targeting locations in areas of high risk. They worked with SITC in South Florida to look
at Asian farms with a potential history of importing illegal plant material. They also need
to look around Lake Okeechobee. These farms supply goods for local ethnic markets and
in New York. Paul identified two action items:
1) Property access from a legal standpoint
2) Material coming into Florida from infected sources
Tim Gottwald said property access will directly impact the design of the sampling plan;
another issue is what numbers of samples can be processed?
Mike Shannon asked how samples are handled. Richard Gaskalla said that there is a
triage; people who know what this disease looks like must look at samples first.
Richard Gaskalla asked what should be our next 30/60/90 days? Wayne Dixon wants to
know what the boundaries are for now – is it out 16 or 50 miles? You will have trees
obviously infected, those that are not showing symptoms and then the psyllids.
Mike Shannon asked can we just look at psyllids. Mike Thomas said you need to do
Richard Gaskalla said we need a survey plan to tell us where leading front of the disease
is. We need to work out nursery stock movement out of the area. Paul Hornby
anticipates the need for a broader survey.
Tim Gottwald said that every time we look we will find trees that have been moved just
like with citrus canker. Paul Hornby said that CAPS used property demographics to try
to target those communities.
Richard Gaskalla said we must be able to justify the sequence of events as they unfold
and that must be logical.
Tim Gottwald stated that in Brazil they had a focal point initially and it is now 120 miles.
They had it there ten years – spread 12 miles a year minimum. He thinks the Miami
infestation is not that old since trees aren’t dead, but it likely has been there 3-5 years. If
you multiply 5 years x 15 miles distance, it could be 75 miles from the find. We need to
look north and south and it must be a systematic survey where we choose points and then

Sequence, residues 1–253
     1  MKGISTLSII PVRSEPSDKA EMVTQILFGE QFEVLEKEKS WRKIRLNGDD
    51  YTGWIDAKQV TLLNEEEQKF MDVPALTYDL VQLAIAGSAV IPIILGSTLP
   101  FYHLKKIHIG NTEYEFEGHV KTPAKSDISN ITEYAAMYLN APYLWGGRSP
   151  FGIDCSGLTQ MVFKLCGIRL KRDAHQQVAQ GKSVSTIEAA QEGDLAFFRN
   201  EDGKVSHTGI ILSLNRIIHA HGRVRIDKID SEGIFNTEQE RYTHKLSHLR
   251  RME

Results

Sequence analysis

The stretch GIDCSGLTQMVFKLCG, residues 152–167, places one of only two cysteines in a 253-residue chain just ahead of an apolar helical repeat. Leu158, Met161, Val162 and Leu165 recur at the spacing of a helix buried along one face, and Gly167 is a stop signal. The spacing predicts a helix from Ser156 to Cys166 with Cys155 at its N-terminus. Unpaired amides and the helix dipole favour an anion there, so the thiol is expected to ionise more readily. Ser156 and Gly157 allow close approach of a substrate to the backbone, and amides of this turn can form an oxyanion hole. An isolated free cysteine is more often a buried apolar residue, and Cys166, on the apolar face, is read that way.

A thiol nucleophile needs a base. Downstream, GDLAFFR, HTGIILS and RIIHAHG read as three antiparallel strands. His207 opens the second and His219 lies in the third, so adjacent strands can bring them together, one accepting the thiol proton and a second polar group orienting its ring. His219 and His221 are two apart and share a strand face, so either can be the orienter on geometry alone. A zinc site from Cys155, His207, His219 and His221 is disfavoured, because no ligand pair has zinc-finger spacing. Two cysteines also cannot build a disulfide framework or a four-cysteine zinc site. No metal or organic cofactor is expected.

delimit within. Eradication has never been done before. Every time it was not caught
early enough to eradicate.
Richard Gaskalla asked are greening eradication standards comparable with CCEP?
Should we move aggressively to cut there? Tim Gottwald: Absolutely.
Carl Childers said that you must spray first or you will spread vectors.
Russ Bulluck asked are alternate hosts going to be removed as part of the CCEP. No.
Richard Gaskalla said what about spraying trees on residential properties? This is going
to be problematic. Mike Shannon said that the Asian Longhorn Beetle Program uses
injected insecticides. Harold Browning said psyllids will travel if there are no hosts.
Keremane Manjunath said the survey was designed when we did not have it. We are 3
years behind the symptoms. We must treat the plants and observe. Unless we use an
insecticide, we cannot win. We are far behind the spread and we must target the survey
toward psyllids. Plants should be sprayed before moved.
Richard Gaskalla said this will be impossible in residential areas of South Florida.
Wayne Dixon asked if eradication is feasible with these constraints. Richard Gaskalla
asked what the value of suppression to slow the disease is.
Carl Childers said in areas with greening, trees with symptoms must be removed if the
industry is to remain viable. Tim Gottwald said that in Brazil, they remove trees with
symptoms. If it is greater than15%, they remove the entire grove, but it is not working.